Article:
Vegetables are King
In our last series we explored different types of steaks, why they were good, and appropriate times to cook them. In this series we wanted to explore the polar opposite and see if the surging veggie trend holds up. We all have terrible memories of being forced to eat bland, overcooked broccoli as a kid, but the latest veggie spike is much more than that. It’s about treating the vegetable as the main ingredient, prepping it, seasoning it, and cooking it with the care you would a prime cut of meat. So is it a flash in the pan, or is it here to stay?
Produce prices have seen a 10-15% increase in the last year alone, and experts are saying with climate change becoming more prevalent, prices are only going to become more volatile. For example, in the past six months avocado prices have doubled in some parts of the US, largely due to high demand and dry weather conditions. (Sadly, this hasn’t impacted the supply of avocado toast pictures on Instagram…) Don’t let this discourage you though, veggies are still a much cheaper option than meat. The key is to buy in-season items, as vendors have more suppliers to choose from meaning better quality, fresher produce, and lower prices.
For many it’s hard to comprehend how something like a cauliflower could compete against a steak. This isn’t unwarranted. Meat naturally has more fat and salt in it, so with little effort it tastes better. That said, it doesn’t take much to infuse those flavors and turn a raw vegetable into a delicious dish. Fat and salt largely impact how palatable something is, and given the absence of these in veggies it affords greater use of these ingredients when cooking. Add a few herbs and spices, and all of sudden you have something that’s soft, succulent, and (dare we say) sexy.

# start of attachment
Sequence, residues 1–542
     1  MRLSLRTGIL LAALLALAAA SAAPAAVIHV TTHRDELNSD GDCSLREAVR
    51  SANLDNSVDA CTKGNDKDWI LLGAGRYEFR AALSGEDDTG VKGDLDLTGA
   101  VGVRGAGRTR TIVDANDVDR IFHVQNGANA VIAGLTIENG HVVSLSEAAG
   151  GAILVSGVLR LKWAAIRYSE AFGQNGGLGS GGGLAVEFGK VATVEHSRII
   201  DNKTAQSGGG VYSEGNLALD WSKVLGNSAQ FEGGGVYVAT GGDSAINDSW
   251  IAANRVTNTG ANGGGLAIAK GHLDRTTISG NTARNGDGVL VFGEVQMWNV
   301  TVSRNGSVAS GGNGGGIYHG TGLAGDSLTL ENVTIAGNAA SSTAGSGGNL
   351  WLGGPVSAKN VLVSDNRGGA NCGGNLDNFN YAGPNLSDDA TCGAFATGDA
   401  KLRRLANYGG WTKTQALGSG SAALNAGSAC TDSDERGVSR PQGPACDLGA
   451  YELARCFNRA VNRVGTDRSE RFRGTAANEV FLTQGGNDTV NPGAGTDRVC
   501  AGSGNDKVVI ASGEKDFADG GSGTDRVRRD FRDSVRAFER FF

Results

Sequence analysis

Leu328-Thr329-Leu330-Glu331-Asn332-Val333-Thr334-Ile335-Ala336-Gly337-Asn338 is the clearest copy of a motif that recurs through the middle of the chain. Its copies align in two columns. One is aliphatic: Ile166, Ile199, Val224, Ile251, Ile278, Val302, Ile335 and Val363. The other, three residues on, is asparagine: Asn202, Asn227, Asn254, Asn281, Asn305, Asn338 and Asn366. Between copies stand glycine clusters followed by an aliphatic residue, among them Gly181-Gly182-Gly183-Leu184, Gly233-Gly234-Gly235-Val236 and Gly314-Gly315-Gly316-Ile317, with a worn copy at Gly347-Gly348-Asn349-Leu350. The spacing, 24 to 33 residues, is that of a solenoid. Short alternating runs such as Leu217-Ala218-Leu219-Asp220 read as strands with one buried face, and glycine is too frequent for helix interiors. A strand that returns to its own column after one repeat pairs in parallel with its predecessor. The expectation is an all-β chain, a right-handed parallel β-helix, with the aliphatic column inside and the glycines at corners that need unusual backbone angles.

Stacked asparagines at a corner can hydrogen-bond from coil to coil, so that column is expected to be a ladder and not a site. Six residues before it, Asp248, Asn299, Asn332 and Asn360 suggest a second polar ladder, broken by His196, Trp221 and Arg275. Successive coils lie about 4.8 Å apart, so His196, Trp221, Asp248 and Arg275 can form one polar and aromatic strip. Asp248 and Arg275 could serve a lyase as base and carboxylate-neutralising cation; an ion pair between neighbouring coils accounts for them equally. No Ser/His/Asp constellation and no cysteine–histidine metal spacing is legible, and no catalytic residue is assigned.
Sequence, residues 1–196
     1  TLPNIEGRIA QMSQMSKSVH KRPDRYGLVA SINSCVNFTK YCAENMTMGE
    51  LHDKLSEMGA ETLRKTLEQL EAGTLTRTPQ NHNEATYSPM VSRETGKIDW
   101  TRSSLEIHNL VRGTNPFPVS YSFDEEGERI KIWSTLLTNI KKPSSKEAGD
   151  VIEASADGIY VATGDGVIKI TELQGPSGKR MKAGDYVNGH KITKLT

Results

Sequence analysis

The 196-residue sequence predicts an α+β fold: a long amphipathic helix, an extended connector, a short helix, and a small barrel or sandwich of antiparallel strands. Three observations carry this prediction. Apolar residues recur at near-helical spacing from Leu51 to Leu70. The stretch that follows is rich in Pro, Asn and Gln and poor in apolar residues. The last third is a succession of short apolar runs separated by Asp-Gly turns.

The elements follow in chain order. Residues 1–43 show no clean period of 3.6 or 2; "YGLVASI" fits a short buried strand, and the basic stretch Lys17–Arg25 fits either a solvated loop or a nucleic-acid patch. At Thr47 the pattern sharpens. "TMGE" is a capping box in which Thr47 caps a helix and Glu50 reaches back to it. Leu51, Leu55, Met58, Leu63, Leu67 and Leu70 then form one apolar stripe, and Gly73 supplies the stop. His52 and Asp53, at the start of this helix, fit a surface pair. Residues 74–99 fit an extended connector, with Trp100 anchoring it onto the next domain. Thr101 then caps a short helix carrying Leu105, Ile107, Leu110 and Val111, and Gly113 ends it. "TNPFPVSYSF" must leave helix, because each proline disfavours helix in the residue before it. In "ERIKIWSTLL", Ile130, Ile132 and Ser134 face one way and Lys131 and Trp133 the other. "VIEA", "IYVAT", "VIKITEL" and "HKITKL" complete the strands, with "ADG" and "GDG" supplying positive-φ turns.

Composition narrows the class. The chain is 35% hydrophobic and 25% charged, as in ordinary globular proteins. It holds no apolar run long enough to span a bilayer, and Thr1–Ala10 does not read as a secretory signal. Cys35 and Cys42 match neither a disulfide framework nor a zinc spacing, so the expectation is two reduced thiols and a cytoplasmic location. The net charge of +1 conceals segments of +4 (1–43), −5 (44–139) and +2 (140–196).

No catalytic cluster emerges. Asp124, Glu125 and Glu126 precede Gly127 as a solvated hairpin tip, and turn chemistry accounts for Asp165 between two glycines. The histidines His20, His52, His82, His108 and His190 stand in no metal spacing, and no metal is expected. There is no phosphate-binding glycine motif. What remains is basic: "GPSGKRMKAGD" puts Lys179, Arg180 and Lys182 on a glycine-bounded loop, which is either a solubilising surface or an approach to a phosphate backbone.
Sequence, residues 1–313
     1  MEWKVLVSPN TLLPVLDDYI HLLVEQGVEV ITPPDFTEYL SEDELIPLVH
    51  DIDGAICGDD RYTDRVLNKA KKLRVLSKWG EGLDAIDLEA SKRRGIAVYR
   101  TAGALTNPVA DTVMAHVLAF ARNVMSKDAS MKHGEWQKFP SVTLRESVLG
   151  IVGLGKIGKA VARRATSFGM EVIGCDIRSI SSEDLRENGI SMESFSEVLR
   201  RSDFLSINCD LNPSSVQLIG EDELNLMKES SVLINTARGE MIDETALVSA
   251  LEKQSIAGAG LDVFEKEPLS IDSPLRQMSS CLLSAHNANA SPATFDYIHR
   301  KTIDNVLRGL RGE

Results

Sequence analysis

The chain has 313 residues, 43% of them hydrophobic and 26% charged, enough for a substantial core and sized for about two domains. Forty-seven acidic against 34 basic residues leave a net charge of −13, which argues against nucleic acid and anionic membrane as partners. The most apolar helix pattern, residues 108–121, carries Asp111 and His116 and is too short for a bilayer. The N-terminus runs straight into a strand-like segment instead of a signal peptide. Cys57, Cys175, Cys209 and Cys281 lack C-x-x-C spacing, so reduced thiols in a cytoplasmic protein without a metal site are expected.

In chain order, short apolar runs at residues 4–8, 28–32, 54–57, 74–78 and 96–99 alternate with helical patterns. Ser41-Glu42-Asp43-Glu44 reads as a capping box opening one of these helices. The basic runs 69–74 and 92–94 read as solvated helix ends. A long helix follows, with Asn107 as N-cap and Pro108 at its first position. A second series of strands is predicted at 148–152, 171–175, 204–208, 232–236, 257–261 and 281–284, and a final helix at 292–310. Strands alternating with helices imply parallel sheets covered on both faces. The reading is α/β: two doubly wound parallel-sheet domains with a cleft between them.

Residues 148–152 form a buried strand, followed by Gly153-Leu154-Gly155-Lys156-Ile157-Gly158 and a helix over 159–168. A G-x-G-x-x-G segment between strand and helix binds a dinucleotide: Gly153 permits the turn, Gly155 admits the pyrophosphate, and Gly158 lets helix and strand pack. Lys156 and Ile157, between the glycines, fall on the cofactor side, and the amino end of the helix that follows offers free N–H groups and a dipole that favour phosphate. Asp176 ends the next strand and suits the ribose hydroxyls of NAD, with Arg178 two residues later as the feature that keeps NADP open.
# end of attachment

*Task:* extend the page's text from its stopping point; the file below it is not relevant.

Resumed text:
The vegan trend, despite being ridiculed at every turn, has largely shaped the way we view vegetables and how versatile they can be. As a result, more and more veggie-centric restaurants are popping up, often becoming the cool, new, must-try hotspots. This is pushing chefs to make impressive dishes, which funnels down to the recipes we make at home. It’s tough to know how long this popularity will last, but it’s safe to say it’s still on the fringes of the mainstream.
Whether it ends up being the next big thing that spikes before a free fall, or if it is a seismic shift in the way we approach food has yet to be determined. What we do know is that it seems to still be in the early days, meat prices continue to rise, and the food industry is constantly innovating (see eggless mayonnaise.) So maybe don’t bet the farm on it, but don’t be afraid to buy from one.